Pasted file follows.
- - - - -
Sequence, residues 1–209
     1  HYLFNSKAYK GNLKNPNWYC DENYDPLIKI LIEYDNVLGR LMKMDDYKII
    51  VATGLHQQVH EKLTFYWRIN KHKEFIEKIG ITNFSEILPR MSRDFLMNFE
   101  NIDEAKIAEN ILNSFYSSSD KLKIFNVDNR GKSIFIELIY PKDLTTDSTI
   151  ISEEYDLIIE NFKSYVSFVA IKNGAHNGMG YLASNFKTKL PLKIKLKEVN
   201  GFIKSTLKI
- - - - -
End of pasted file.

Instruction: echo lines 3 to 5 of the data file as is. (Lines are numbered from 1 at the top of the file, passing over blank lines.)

    51  VATGLHQQVH EKLTFYWRIN KHKEFIEKIG ITNFSEILPR MSRDFLMNFE
   101  NIDEAKIAEN ILNSFYSSSD KLKIFNVDNR GKSIFIELIY PKDLTTDSTI
   151  ISEEYDLIIE NFKSYVSFVA IKNGAHNGMG YLASNFKTKL PLKIKLKEVN